On Thursday, Vietnam criticized China over the location of an oil rig, calling on Beijing to abandon plans to drill in contested waters, in the latest sign of regional unease.
The $1 billion oil-extraction structure, which led to a diplomatic standoff between the two countries in 2014, was moved by Beijing to the Gulf of Tonkin in the South China Sea, despite Vietnamese claims that the countries still needed to "execute delineation discussions."
In a statement, Vietnam’s Foreign Ministry spokesman Le Hai Binh said: "Vietnam resolutely opposes and demands that China cancel its plan to drill and calls on China to immediately remove the Hai Duong 981 oil rig out of this area."
In the statement, Binh also said that China must take "no further unilateral actions that further complicate the situation, and make practical contributions to peace and stability."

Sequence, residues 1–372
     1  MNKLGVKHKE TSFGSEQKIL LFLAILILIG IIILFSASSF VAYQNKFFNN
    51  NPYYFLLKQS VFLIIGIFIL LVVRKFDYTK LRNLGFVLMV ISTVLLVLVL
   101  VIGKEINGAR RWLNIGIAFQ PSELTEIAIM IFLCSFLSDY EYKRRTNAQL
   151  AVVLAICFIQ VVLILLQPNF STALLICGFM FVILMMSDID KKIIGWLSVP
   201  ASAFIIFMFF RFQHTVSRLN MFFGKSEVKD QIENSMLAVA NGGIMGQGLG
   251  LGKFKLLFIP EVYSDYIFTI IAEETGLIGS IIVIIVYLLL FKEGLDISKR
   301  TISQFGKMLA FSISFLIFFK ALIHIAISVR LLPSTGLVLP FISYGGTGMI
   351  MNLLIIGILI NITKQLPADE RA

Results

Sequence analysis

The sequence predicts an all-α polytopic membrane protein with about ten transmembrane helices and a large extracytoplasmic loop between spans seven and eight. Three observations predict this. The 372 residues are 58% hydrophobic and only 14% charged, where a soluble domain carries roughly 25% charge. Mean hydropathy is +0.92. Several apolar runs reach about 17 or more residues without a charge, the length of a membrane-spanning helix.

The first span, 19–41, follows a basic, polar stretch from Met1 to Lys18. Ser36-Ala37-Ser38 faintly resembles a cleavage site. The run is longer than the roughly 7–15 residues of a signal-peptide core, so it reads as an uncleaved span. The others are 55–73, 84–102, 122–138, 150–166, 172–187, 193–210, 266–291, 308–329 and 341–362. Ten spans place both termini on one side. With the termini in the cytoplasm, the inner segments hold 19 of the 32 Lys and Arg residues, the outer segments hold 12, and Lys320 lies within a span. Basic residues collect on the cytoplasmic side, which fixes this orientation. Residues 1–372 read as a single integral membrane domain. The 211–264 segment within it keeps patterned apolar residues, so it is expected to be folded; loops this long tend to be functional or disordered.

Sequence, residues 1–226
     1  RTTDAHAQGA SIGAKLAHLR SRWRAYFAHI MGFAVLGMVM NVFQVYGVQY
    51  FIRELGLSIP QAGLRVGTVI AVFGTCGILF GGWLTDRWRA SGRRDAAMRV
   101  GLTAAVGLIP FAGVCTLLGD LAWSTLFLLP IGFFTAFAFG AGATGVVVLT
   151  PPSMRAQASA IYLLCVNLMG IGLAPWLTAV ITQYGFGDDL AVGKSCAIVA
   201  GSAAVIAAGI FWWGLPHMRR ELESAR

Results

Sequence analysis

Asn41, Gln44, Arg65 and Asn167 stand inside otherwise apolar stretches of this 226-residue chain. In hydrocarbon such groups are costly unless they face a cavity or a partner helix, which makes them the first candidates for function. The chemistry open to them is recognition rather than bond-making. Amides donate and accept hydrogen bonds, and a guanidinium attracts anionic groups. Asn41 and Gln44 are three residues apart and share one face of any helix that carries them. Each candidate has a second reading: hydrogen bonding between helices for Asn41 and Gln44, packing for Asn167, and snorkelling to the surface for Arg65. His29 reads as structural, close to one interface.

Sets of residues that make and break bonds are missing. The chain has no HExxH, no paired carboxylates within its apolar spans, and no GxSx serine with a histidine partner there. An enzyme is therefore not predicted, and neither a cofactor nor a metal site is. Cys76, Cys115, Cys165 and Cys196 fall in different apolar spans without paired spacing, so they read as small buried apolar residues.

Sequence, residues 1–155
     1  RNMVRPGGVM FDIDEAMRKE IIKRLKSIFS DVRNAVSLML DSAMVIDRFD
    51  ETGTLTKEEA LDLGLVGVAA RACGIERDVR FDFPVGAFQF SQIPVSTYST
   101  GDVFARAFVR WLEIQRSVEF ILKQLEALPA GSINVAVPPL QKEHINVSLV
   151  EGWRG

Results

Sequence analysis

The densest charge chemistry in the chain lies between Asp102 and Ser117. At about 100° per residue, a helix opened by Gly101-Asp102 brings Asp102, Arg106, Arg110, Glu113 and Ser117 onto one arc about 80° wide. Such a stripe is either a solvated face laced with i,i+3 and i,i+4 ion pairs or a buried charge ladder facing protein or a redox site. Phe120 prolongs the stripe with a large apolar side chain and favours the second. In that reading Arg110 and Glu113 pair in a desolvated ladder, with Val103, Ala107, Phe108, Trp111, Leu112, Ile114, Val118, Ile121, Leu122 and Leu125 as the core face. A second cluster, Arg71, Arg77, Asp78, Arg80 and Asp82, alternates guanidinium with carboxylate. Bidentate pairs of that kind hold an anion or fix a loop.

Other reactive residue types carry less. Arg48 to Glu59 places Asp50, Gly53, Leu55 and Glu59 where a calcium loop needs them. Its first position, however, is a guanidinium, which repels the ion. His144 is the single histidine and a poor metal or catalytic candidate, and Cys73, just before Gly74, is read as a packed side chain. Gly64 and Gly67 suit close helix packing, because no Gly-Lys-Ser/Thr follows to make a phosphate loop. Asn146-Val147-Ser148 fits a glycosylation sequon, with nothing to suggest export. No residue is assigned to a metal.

The incident comes two years after China parked the oil rig for 10 weeks in waters Vietnam claimed were its exclusive economic zone, which severely strained tensions between the two countries that had previously been allies.
Since the incident two years ago, Vietnam has worked to normalize relations with Washington, further complicating China’s diplomatic reputation throughout the South China Sea region.
Binh also criticized China’s decision to build and operate a lighthouse along the Spratly archipelago, claiming the move by China violated Vietnam’s sovereignty and calling it "illegal and worthless."
Amid rising regional tensions, China continues to claim most of the territory in the resource-rich South China Sea, despite rival claims by Brunei, Malaysia, the Philippines, Taiwan and Vietnam.